Karnataka

‘Fight against CAA should be a mass movement’

Former Advocate-General Ravivarma Kumar, former Chief Minister Siddaramaiah, former Supreme Court Judge V. Gopala Gowda and former Minister H.C. Mahadevappa in Mysuru on Sunday.

Former Advocate-General Ravivarma Kumar, former Chief Minister Siddaramaiah, former Supreme Court Judge V. Gopala Gowda and former Minister H.C. Mahadevappa in Mysuru on Sunday.  

Retired SC judge V. Gopala Gowda describes the Act as discriminatory on many counts

Legal experts highlighted the ‘lack of legal and constitutional backing’ for the Citizenship (Amendment) Act (CAA) on the grounds that it was discriminatory and hence ought to be rejected by the people of the country.

At a seminar on the CAA, National Population Register (NPR) and National Register of Citizens (NRC), former Supreme Court Judge V. Gopala Gowda said on Sunday that the opposition to it should be a mass movement in what he described as the second freedom struggle.

Mr. Gowda said sovereignty rests with the people and not the government and its days will be numbered in case it fails to realise this. “You can constitute a government on winning a majority but cannot enact a law that goes against the basic doctrine of the Constitution,” he said.

He said the Act was discriminatory on many counts as it left out not only the Muslims but also people seeking refuge from other neighbouring countries including Sri Lanka and Myanmar and exclusion was antithetical to the constitutional norms.

Expressing concern over the draconian powers that will be vested with lower rung officials to determine on who is a citizen or not, Mr. Gowda said people without proper documents would be dubbed as doubtful citizens and this is dangerous as it can be used to suppress political opponents and dissent. Such people will be sent to detention centres while their cases will get dragged on in courts for decades, he added. Questioning the need for such an Act and an exercise in the first place, Mr. Gowda said State after State was rejecting the NPR and NRC exercise and the fight against it was intensifying.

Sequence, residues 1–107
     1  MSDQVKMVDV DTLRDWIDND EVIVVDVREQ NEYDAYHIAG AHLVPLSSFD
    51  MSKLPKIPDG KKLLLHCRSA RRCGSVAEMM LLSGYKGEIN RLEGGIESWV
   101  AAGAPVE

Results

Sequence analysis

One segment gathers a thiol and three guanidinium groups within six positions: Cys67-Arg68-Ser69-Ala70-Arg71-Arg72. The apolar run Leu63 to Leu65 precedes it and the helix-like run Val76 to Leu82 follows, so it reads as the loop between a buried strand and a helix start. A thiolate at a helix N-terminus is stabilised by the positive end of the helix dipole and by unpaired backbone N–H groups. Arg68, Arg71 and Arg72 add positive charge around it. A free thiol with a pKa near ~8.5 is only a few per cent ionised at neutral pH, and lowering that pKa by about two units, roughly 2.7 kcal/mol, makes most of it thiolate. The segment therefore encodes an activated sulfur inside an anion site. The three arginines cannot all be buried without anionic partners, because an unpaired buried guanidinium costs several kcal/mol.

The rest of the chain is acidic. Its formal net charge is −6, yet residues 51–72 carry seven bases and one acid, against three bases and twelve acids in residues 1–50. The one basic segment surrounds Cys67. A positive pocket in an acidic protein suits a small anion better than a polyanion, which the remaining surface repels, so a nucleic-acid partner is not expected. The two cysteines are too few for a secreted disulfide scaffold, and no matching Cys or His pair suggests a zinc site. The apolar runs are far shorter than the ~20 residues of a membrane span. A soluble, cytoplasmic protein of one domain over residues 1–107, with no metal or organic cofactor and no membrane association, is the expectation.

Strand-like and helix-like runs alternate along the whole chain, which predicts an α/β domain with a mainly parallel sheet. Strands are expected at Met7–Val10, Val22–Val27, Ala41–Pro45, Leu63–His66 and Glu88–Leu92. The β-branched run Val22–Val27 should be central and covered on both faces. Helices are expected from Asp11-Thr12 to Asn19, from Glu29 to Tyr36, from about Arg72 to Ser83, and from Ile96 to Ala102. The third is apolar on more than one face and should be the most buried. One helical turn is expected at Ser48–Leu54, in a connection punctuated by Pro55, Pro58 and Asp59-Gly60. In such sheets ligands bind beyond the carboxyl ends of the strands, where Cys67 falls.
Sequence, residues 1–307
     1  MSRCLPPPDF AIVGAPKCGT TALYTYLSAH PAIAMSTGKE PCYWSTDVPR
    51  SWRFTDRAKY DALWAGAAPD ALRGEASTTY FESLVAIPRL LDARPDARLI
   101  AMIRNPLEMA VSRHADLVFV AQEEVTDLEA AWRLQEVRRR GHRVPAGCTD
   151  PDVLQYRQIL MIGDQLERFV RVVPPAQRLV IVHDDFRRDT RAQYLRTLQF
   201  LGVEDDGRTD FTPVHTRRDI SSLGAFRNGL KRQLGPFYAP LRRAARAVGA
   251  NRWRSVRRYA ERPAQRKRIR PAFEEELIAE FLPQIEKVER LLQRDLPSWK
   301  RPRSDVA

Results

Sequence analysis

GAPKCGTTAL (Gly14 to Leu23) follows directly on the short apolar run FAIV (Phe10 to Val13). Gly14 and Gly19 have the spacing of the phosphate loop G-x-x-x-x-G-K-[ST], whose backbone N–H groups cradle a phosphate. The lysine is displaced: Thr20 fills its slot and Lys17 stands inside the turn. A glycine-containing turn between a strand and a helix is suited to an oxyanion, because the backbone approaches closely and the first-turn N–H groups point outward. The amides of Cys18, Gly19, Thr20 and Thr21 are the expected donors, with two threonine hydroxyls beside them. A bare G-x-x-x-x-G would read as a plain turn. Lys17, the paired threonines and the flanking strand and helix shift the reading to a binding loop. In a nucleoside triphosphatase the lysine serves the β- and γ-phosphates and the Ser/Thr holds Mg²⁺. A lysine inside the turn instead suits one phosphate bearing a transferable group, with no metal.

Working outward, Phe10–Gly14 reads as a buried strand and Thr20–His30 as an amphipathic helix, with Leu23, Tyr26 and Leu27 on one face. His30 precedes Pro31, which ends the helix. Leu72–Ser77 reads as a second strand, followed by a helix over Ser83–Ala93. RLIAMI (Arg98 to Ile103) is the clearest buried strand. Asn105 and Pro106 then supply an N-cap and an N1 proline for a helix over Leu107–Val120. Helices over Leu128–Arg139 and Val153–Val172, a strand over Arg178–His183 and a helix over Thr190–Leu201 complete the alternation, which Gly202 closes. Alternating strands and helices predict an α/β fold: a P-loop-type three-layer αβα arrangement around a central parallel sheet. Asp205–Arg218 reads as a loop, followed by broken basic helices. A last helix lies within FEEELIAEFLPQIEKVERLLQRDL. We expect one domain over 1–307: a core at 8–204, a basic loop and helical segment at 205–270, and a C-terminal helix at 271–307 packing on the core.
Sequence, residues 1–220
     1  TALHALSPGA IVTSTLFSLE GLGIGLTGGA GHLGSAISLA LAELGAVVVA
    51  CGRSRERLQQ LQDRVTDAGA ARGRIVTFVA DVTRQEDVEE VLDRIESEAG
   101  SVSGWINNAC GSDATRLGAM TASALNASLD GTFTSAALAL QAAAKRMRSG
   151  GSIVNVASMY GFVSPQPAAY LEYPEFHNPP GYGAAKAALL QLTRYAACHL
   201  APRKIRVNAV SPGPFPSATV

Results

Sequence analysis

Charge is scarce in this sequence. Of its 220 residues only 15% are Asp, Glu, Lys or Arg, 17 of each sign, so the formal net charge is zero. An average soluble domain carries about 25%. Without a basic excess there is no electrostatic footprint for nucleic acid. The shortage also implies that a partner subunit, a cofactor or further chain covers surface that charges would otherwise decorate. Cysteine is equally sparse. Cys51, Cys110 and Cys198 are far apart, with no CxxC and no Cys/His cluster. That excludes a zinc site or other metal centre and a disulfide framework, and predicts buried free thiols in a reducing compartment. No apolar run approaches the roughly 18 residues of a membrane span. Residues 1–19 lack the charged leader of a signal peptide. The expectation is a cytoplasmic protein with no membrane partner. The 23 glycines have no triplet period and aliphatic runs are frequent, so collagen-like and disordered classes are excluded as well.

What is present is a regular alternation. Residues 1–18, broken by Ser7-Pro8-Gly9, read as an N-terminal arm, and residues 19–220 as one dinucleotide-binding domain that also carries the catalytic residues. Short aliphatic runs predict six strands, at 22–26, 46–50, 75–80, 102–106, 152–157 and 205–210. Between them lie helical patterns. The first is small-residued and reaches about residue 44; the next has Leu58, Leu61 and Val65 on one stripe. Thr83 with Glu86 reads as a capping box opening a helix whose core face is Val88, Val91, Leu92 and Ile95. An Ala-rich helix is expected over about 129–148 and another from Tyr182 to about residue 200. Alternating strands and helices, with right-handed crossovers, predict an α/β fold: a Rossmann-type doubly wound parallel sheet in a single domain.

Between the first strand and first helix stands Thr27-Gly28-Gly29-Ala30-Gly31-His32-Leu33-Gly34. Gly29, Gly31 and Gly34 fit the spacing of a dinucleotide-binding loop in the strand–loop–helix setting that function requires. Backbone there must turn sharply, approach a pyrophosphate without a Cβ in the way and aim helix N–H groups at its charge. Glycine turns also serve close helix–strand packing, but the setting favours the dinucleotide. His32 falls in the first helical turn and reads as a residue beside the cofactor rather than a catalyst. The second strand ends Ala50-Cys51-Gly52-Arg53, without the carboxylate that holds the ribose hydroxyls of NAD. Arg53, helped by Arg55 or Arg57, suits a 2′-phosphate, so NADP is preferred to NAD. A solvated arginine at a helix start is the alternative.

Former Advocate-General Ravivarma Kumar said there was no mention of NPR in the Constitution or the Citizenship Act of 1955 and hence it lacked a parental law. It was only introduced in 2003 but was never implemented. He said the exercise will affect not just the Muslims but other people also including women as it was an RSS agenda. “It is the RSS – with its headquarters at Nagpur - that is ruling the country and not the BJP, otherwise Chief Minister B.S. Yediyurappa need not have to seek permission from others for Cabinet expansion,” he said.

This issue did not pertain to Muslims alone but concerned all citizens of India, said Mr. Kumar, and added that there were protests against the law from Kashmir to Kanyakumari and the government should listen to the people of the country.

“The then Prime Minister Manmohan Singh heard out Anna Hazare who was leading an anti-corruption rally in Delhi. But this government is trying to throttle any opposition and displaying the mindset of a thug out to suppress dissent,” remarked Mr. Kumar, expressing concern that all democratic and constitutional bodies were being compromised.

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Printable version | Apr 6, 2020 8:35:07 AM | https://www.thehindu.com/news/national/karnataka/fight-against-caa-should-be-a-mass-movement/article30721940.ece

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